The EU is willing to provide more money for migrants stranded in Turkey, but Ankara must refrain from using them as a bargaining chip, the bloc’s foreign ministers announced after an extraordinary meeting about the crisis in Syria’s northwestern Idlib province, held in Zagreb on Friday (6 March).
In a joint statement after the talks, the ministers expressed solidarity with border countries Greece, Cyprus and Bulgaria, and rejected Turkey’s attempts to use migrants to exert pressure.
“The EU reiterates its serious concern over the situation at the Greek-Turkish border and strongly rejects Turkey’s use of migratory pressure for political purposes,” the statement said.
With that, it largely echoed the statement of European interior ministers from 4 March, where they stated the EU would not accept Turkey’s migration pressure at its external borders and would use all necessary measures, in accordance with international law, to stop illegal crossings.
Turkey hosts some 3.6 million refugees from the civil war in Syria, its southern neighbour, and faces a further big influx due to continued fighting. Ankara says it cannot accommodate any more and accuses the EU of failing to provide enough help.
The Turkish move last week to open its borders with Greece to refugees seeking to flee to the EU has been condemned as blackmail.
“Turkey has a big burden … and we have to understand that,” EU foreign policy chief Joseph Borrell said as he arrived for the gathering in the Croatian capital.
“But at the same time, we cannot accept that migrants are being used as a source of pressure,” he said.
EU27 ministers once again reiterated that they expect Turkey to implement fully the provisions of the 2016 EU-Turkey deal under which the EU pledged to disburse €6 billion to Turkey to finance housing, schools and medical centres for refugees who have fled Syria’s civil war, aimed to prevent refugees and migrants from crossing to Greece.
But German Foreign Minister Heiko Maas warned there would be no money given directly to Turkey to assist migrants, but that it would be proved to aid groups on the ground.
“We should not react to the pressure that Turkey is exerting on us by agreeing to more money under pressure,” he said.
Before the meeting, the foreign ministers gave a cautious welcome to a Russian-Turkish ceasefire in Syria as a sign of goodwill but urged the warring parties to allow in more humanitarian aid.
“For sure I am pleased for the ceasefire, the ceasefire is good news. At least it’s goodwill – let’s see how it works,” Borrell said as he arrived for talks.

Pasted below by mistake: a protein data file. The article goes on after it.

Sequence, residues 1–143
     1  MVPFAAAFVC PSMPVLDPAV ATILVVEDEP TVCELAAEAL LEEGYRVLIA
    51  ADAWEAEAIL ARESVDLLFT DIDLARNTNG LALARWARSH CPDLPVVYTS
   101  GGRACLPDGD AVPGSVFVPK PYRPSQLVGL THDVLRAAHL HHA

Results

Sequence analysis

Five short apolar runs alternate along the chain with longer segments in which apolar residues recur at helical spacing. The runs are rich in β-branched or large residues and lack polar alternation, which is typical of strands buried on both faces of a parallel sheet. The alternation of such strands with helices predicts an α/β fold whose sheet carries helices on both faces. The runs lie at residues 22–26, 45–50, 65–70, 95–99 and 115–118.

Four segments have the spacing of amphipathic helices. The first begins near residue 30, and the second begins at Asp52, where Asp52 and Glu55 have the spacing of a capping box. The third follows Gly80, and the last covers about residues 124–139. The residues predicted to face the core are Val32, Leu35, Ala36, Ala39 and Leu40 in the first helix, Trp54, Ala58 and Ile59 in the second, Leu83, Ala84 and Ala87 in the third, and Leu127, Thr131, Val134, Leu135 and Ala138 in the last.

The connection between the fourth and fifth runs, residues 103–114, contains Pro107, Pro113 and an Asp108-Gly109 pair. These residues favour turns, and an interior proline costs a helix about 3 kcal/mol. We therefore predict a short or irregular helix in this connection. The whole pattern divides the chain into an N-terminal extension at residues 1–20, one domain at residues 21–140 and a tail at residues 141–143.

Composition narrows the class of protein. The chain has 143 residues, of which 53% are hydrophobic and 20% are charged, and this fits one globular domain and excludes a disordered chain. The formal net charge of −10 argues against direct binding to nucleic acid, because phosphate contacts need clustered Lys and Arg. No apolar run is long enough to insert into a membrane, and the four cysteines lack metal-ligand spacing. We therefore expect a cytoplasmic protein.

Borrell also said the ceasefire deal between for Syria’s Idlib region could facilitate increased EU humanitarian help to Syria and for the refugees housed in Turkey, without elaborating.
The ceasefire in northern Syria came into force on Friday (6 March), aiming to halt intense fighting that has sparked a humanitarian disaster.
The deal struck between Russian President Vladimir Putin and his Turkish counterpart Recep Tayyip Erdogan comes after an escalation of violence in Idlib, where Ankara is battling Moscow-backed government forces.
The Syrian Observatory for Human Rights monitoring group in Idlib said the truce appeared to be holding.
Under the 2016 EU-Turkey deal, the EU is providing 6 billion euros to help finance housing, schools and medical centres for the refugees who have fled Syria’s civil war.
EU foreign ministers announced “a further €60m in humanitarian assistance for north-west Syria, including in border areas, while the Commission committed to increasing its assistance to the civilian population in north-west Syria”.
“Deliveries of humanitarian assistance are being made to address the emergency needs for shelter, medical and food support of about one million persons displaced in the past weeks, and of all other Syrians in need in the Idlib region,” the statement said.
Borrell also announced the EU will host a Syria donor conference in Brussels in June to raise funds for victims of the nine-year war and surrounding countries.
“EU countries are willing to provide humanitarian aid to Idlib. The challenge is to get aid into the area and that’s where the ceasefire might help. A no-fly zone might help even more,” Dutch Foreign Minister Stef Blok said before heading for the talks.
However, the Dutch push for a no-fly zone in Syria has not fallen on fertile ground, with officials pointing out the EU has no power to implement or enforce such a measure.
In an interview with EURACTIV, MEP Dacian Cioloș, president of the centrist Renew Europe group in the European Parliament also backed the no-fly zone idea and urged the EU to push for it at the UN level.
However, Greece described a different situation on the ground. In an interview with CNN, Minister of State Giorgos Gerapetritis suggested that only 4% of people who have crossed the borders since last Friday come from Syria.
“From those who illegally crossed the borders only 4% come from Syria. It’s obvious this has nothing to do with a crisis in Syria. The vast majority comes from Pakistan, Afghanistan and Sub-Saharan Africa,” the Greek minister said.
He added that those people speak Turkish fluently which means that they have been in Turkey for a long time. “We are facing inhumane industrialisation of people for the benefit of geopolitical and diplomatic objectives,” he said.
At the same time, brief clashes between Greek border guards and the people attempting to cross into the country were reported on Friday. Greek officials also accused Turkey of firing tear gas and smoke bombs at their border guards and providing cutters to migrants to break through fencing.
[Edited by Zoran Radosavljevic]